Complex surgery performed on a 51-year-old patient to treat pancreatic cancer with portal vein invasion.
About the Patient and Condition
A 51-year-old Mahboob Rahman from Murshidabad, was diagnosed with advanced pancreatic adenocarcinoma. In 2019, he was suffering from jaundice, for which he underwent stenting to relieve the jaundice. In the hope of getting cured, he was taken to some other hospital in Hyderabad twice for stenting but each time would develop a block. He then underwent two more stenting surgeries in a hospital at Midnapore, West Bengal. Post this, he was brought to Apollo Gleneagles Hospitals, Kolkata, in the month of October 2020. Clinical examination revealed a mass in pancreatic head.
Generally, jaundice can be reduced with stenting, but removal of the tumour is also necessary. Mr. Rahman, underwent a Whipple’s operation to remove the head of the pancreas along with a part of the stomach, the bile duct and the duodenum. In addition, his surgeons removed a segment of his damaged portal vein and replaced it with an artificial graft tube made of PTFE (polytetrafluoroethylene).
The patient recovered well and had uneventful post-operative period. He was discharged 6 days after surgery and is recuperating well at home.
The Whipple procedure (pancreaticoduodenectomy) is often considered for pancreatic cancer. In standard Whipples operation, the pancreas, duodenum, bile duct, small bowel and lymph nodes around this area are removed. But in Mr Rahman’s case the portal vein also had to be removed. Due to the complexity of the disease, earlier it would have been regarded incurable but now complex major surgery are often combined with chemotherapy to completely cure pancreatic cancers.
Expertise at Apollo Hospitals
Considering the patient’s condition, Dr. Ramdip Ray, Senior Consultant Liver Transplant Surgeon at the Institute of Gastro Sciences and Liver Transplant, Apollo Hospitals, Kolkata, said, “The challenge is reconstruction or rejoining of the resected vein. The reconstruction depends on how much length of the portal vein you are removing. If the length is very small you can just stitch that part and close it. For bigger gaps, you need to do end to end anastomosis (anastomosis is a surgical connection between two structures) – you remove a part of it and you join the upper and the lower end by mobilizing it. And sometimes if the length is too big, say 5 or 6 centimeters you cannot approximate the two ends together, so you have to put a patch in between the upper and the lower end. This patch can be a vein from the body itself if possible, or you can use an artificial graft to replace that vein. In this patient’s case, the natural vein was not available at that point of time. And so we had put an artificial graft (PTFE graft) replacing the portal vein.”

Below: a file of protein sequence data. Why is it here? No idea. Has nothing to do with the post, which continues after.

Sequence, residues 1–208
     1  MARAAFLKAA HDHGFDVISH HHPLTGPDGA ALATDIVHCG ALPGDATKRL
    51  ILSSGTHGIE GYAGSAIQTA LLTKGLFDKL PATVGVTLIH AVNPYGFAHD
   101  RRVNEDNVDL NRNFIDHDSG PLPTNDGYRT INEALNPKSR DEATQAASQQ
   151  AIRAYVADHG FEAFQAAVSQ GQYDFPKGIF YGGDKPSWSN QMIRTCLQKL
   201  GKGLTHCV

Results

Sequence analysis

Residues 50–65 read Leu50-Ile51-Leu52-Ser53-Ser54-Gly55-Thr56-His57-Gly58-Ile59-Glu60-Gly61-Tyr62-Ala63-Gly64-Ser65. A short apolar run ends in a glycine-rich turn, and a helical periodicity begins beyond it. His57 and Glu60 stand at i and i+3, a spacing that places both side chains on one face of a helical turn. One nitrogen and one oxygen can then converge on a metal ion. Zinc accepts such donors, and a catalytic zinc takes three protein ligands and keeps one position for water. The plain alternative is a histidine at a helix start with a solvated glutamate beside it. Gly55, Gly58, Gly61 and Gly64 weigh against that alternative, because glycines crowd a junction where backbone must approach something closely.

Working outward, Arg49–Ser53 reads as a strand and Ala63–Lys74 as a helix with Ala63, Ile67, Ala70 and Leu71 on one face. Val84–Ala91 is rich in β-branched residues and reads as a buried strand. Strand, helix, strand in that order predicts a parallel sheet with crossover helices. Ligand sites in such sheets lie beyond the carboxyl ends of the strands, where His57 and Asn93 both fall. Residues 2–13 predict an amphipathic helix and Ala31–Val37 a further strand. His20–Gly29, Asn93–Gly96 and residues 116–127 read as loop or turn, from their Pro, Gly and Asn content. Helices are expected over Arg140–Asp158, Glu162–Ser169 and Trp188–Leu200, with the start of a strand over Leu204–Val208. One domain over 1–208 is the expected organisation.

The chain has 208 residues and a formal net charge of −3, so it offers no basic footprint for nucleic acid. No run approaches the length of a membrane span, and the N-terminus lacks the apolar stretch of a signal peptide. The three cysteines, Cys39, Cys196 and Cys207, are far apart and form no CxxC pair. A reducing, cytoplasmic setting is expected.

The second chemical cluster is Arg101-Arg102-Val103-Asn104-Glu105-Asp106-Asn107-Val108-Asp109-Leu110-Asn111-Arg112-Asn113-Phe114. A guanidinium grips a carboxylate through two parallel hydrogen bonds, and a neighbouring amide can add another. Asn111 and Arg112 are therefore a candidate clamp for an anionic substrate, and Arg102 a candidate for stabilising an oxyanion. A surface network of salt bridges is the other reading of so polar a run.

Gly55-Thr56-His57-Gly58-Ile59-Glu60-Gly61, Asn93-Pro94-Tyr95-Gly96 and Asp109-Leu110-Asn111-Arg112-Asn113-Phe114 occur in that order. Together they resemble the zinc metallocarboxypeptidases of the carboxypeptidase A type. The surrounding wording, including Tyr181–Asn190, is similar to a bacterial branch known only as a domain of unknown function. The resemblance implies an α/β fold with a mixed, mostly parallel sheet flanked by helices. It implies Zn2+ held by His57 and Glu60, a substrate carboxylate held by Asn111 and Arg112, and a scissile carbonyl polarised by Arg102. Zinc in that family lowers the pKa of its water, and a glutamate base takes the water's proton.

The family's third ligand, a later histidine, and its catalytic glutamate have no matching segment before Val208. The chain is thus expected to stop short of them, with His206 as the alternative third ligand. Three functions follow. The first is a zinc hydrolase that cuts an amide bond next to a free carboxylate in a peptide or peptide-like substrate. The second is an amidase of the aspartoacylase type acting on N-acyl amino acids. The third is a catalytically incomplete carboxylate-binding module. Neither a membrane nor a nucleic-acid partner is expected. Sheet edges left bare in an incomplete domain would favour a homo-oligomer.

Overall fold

Apollo Gleneagles Hospitals, Kolkata, is the first hospital in Eastern India to perform such highly skilled surgery.
Apollo Hospitals – Touching Lives
When surgeons with expertise in pancreatic cancer surgery like Dr Sumit Gulati and Dr Supriyo Ghatak join hands with liver transplant surgeons like Dr Ramdip Ray, pancreatic cancers can be taken out along with a part of the portal vein without damaging the liver, offering real hope for patients with advanced cancer. Pancreatic cancer with portal vein invasion can also now be treated.
Dr. (Prof.) Mahesh Goenka, Director of the Institute of Gastrosciences at Apollo said, “COVID has made travel outside the state difficult for patients. Throughout these last 6 months, patients with very complex & advanced gastrointestinal diseases have received the most state of art treatment at centres like ours. I believe this is a clear assurance to the people of Bengal that Kolkata is right at the top of available expertise and facilities in medical care in India. Mr Rahman’s operation is testament to just that – case reports of a similar operation have not yet been published from anywhere in West Bengal earlier.”
The patient and his family was grateful to the entire team of Apollo Gleneagles Hospitals, Kolkata for ending his suffering and giving him a new lease of life.